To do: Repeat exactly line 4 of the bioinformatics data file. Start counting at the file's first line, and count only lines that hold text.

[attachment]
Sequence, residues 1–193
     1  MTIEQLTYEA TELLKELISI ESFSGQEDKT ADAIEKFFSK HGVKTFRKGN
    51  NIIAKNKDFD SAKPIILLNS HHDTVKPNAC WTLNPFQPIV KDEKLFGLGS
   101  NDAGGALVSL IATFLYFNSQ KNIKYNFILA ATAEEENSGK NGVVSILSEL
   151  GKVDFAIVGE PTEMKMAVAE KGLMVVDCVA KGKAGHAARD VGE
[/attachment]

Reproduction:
   101  NDAGGALVSL IATFLYFNSQ KNIKYNFILA ATAEEENSGK NGVVSILSEL